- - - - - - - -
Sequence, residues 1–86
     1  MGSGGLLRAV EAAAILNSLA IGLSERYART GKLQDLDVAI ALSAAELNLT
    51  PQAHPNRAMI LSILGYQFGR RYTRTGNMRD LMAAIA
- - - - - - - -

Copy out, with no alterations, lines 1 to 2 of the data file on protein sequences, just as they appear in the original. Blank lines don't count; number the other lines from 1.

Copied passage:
Sequence, residues 1–86
     1  MGSGGLLRAV EAAAILNSLA IGLSERYART GKLQDLDVAI ALSAAELNLT